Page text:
Speech by Sophie Foundation Chair Gunhild Ørstavik

Oslo Sophie Prize Ceremony June 15, 2006

Distinguished Guests, Ladies and Gentlemen, Dear Friends, Estimados Amigos!

We are gathered here to celebrate Romina Picolotti, the Argentinean lawyer and human rights activist, and winner of the Sophie Prize for 2006.

Romina Picolotti has done groundbreaking work in linking problems of environmental destruction to the struggle for basic human rights. To her, crime against nature is a human rights violation.

Picolotti has given poor and disempowered people rights-based protection against exploitation and environmental destruction. And she has demonstrated how the universal human rights are expressed demands for social change.

Most people agree that human rights and environmental protection are our most urgent global challenges. There is an interdependence between the two imperatives. They are the core and indivisible elements of the concept sustainable development. 

Sustainable development indicates a healthy and productive life

in balance with nature. The fundamental basis of the human rights is that we have the right to certain goods or the right to protection from abuse, for the sole reason that we are born as human beings.

The beauty of the rights is that they apply to every living man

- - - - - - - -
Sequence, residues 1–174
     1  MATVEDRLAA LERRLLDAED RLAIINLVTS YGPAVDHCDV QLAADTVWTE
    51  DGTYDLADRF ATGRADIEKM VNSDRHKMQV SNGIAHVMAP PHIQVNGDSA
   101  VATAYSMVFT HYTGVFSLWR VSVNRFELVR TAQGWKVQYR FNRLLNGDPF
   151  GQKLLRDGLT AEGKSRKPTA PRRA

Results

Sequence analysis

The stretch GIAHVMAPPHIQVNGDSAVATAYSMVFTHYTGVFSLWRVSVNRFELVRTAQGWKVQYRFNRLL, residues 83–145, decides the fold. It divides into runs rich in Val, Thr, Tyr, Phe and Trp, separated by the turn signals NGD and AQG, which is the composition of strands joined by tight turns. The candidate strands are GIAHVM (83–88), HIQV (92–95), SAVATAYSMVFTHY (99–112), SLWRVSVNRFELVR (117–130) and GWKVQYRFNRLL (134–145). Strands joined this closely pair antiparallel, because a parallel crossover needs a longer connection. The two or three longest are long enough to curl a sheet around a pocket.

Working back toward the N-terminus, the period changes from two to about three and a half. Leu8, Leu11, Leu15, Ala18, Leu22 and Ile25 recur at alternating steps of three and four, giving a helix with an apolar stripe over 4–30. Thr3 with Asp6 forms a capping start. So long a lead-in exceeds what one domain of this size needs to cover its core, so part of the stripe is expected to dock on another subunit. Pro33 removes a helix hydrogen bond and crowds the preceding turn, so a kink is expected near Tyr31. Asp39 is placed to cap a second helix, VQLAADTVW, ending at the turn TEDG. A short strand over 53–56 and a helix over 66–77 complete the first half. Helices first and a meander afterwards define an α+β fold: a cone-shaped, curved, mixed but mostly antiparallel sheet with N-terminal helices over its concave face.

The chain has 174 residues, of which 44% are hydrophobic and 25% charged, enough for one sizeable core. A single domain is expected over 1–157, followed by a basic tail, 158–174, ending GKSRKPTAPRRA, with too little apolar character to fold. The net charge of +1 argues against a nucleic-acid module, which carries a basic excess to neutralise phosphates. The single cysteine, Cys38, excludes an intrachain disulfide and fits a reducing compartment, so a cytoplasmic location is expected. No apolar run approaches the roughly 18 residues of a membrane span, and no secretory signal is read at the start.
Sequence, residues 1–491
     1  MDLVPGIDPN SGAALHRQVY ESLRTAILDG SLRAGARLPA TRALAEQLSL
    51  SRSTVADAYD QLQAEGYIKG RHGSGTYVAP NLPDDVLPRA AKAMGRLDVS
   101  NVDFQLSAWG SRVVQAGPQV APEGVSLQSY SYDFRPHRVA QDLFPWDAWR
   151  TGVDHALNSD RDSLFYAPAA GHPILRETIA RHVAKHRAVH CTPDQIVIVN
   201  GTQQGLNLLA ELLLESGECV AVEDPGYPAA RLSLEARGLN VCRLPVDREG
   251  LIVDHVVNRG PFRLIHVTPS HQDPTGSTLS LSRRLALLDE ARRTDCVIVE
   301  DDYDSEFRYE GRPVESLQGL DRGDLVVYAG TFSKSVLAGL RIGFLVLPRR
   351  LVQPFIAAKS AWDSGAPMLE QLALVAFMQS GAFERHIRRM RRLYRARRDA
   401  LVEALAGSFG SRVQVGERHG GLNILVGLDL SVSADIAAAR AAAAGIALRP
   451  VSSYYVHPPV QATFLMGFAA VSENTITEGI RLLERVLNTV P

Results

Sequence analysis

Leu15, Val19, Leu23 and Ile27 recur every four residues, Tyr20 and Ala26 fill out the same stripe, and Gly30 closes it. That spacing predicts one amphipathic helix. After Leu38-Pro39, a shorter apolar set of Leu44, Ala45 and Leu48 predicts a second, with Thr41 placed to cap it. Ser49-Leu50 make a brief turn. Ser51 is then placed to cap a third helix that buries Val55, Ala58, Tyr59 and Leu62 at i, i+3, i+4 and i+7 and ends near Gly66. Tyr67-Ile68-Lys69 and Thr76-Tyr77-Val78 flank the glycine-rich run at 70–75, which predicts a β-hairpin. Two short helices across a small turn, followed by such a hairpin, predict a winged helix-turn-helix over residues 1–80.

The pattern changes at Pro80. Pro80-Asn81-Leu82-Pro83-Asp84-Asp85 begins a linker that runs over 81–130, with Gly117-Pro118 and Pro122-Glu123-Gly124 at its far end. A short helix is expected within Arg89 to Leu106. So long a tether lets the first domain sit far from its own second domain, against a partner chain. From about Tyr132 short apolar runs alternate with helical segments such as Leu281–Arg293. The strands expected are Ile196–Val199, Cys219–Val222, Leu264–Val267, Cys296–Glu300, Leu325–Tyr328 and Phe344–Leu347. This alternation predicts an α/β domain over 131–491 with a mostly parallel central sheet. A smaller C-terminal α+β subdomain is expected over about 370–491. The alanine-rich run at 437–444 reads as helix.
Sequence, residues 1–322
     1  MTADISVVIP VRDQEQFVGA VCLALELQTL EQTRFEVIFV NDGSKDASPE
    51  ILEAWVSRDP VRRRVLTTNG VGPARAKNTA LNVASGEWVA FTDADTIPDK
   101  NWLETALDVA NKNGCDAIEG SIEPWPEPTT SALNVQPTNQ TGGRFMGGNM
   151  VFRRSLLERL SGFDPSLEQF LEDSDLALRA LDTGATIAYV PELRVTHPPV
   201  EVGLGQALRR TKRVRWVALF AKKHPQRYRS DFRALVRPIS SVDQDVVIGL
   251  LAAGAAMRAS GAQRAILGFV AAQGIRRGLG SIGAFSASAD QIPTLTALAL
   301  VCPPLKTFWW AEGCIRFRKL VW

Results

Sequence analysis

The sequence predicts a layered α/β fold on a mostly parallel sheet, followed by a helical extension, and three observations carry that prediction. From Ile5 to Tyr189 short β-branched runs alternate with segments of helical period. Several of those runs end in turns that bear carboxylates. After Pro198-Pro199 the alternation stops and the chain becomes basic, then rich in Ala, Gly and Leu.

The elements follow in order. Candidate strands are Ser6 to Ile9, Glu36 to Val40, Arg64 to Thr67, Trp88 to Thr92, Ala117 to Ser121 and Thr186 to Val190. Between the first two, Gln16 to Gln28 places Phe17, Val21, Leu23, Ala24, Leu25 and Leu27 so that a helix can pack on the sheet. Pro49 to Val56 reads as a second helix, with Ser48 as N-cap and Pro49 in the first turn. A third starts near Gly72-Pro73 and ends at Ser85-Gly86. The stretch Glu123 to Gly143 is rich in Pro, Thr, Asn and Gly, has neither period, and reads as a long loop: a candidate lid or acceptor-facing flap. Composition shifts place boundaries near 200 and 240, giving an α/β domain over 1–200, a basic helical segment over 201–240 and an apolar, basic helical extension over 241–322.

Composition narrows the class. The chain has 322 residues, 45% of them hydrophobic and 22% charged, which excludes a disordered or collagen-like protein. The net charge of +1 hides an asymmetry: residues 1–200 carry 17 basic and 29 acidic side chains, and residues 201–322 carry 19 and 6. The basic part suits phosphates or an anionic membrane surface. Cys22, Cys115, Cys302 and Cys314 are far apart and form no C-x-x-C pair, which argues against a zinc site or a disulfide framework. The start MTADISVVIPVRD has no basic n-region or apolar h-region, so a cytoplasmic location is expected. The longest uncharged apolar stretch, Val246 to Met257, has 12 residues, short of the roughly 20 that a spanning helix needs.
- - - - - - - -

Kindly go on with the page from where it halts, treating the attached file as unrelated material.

and woman on earth, regardless of social class, ethnic background, sex and religion. They are valid everywhere, in any situation and at all times.

For many people this may sound like wishful thinking, for Romina Picolotti it is the essence of all her work.

Human rights are designed to give citizens the legal right to protection against violations and to guide states.  Where human rights are effectively protected, there is no need or occasion to actually use them as legal instruments.

Human rights are, in principle universal, indivisible and inviolable. Nevertheless experience, shows that content, value and weight vary according to the social and political context. During the last decades, the rate and extent of globalisation

has created an international capitalist system that affects all national states and most industries in the world.

Capital, labour, technology and other resources are, at a gradually increasing tempo, being transferred back and forth between those geographical places offering the greatest profit at any time.

While businesses operate in a spirit of deregulation and free trade, many countries lack the competence, power and political will to provide the best care and protection for their citizens and wider public interests.

The result has been an accumulation of economic and political power in large-scale trans-national companies and strong financial institutions, and an undermining of sustainable development and basic human rights. In almost every instance labour rights have been weakened.

In the context of human rights, we see that while some rights are given priority,

others are violated to fulfil rights claimed by the more powerful actors. 

The right to freedom coupled with the right to private property, have created a demand for a liberal, market based economy.

This development is often at the expense of the right to social security, the right to participate and to organise.

Romina Picolotti is the founder of the Centre for Human Rights and Environment, solely dedicated to promoting and protecting human rights violated by environmental destruction.